Today’s Forecast: It’s About to Get Messy – and We’re Not Talking About the Election

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A strong cold front will affect the upper Midwest down to the Southern Plains and push east over the weekend posing a risk of strong to severe thunderstorms. In addition to all that, there’s another blizzard watch for heavy snow and strong wind indicated Thursday through Sunday for the northern Plains and southern Canada including Idaho, Wyoming, Montana, North Dakota, Alberta, Saskatchewan and Manitoba.

Meanwhile, the well-advertised nor’easter is no longer a low-confidence forecast six days down the road — it’s happening today as the strong low pressure center pushes off the Georgia/Florida coast and begins to feel the effects of the warm Gulf Stream. As such, the low is poised to strengthen and move north while paralleling the coastline. However, as the forecast comes more into focus there is both good news and bad news.

The good news: The low is expected to track farther east, by some 50 miles. This keeps the low itself farther offshore of course, but it also keeps the heaviest precipitation and the strongest winds offshore. In the aftermath of Hurricane Sandy, this is indeed good news. How good? Overall sustained winds should peak at 30-40 mph, rather than 50-60 mph as originally anticipated and rainfall totals about an inch from the Carolinas to Maine — right on the coast.  Most areas will get less than half an inch, although many areas will see rain mixed with snow.  Peak rain indicated eastern DE and southeastern NJ — about one inch.

The Euro (ECMWF) numerical model has shifted the low pressure center about 50 miles east and farther offshore. This allows the snow band that had previously been in central PA and NY to also move eastward by about 50 miles. How much of the indicated snow will be a rain/snow/sleet mix remains a question. Image: StormGeo

Unfortunately, there’s plenty of bad news to report and it started this morning with many areas of the New York Tri-State region dipping into the 30s for overnight temperatures. Remember, many of the country’s heartiest residents are still without power and heat and, in many cases, housing. The cold is only the beginning. As the nor’easter approaches, the wind should start to pick up tonight, the rain moves in tomorrow midday, then the snow by tomorrow night (yes, snow). All the while, the winds continue to build.

Snow had not been part of the forecast — at least not part of the forecast for coastal New Jersey, New York City and Long Island, but it is now. As the low tracks 50 or so miles farther east, the snow belt that had been more inland is now also 50 miles farther east. Yet with temperatures as they are, a heavy, wet snow — likely mixed with rain and perhaps sleet — is expected, rather than purely a snowfall event. This makes for messy, messy conditions while clouding the accumulations aspect of the forecast.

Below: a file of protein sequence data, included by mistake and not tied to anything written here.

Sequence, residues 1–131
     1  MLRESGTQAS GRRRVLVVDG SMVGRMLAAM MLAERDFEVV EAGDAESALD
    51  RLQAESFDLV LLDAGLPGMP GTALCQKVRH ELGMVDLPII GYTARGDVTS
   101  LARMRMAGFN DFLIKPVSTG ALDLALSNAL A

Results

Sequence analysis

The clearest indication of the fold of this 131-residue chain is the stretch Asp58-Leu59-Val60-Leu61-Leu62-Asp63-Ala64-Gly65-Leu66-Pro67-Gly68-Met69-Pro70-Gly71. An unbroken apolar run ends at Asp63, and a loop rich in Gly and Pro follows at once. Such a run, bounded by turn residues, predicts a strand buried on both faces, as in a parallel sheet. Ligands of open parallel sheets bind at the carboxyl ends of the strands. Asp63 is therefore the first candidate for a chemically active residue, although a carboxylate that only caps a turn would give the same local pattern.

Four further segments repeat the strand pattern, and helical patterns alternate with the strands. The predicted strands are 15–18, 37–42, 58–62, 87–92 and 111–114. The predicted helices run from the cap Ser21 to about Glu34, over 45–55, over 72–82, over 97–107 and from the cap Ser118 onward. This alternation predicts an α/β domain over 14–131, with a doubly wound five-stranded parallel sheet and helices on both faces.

Lastly, let’s not forget the tides — and there are two factors to consider. First, the approaching nor’easter and the onshore winds will drive significant tides higher than normal. On our graphic below, the indicated tides are above normal. Consider the easterly winds driving Atlantic waters westward across Long Island Sound, funneling into the East River, coastal Connecticut and western Long Island. Places like New York’s LaGuardia airport on the north shore of western Long Island, already submerged by Hurricane Sandy, will have to batten down the hatches again.  As one of the most dramatic examples, tides in Bridgeport, CT are expected to be 4.5 feet above normal and when high tide occurs at 1 PM tomorrow and total tidal surge is expected to reach 11.5 feet.

Estimated tides above normal. Image: StormGeo

And there’s one more tidal consideration: coastal barriers. Mother Nature has provided coastal barriers to approaching ocean storms since Day One, but with each passing storm coastlines change and coastal barriers are marginalized or disappear altogether. With time, we learn to account for the new parameters and adjust as needed. However, Hurricane Sandy was only last week. Not only have coastal barriers been severely damaged (or totally destroyed), but we’ve not had time to adjust and prepare. It’s a new paradigm that could result in additional losses to property and life, if not accounted for.

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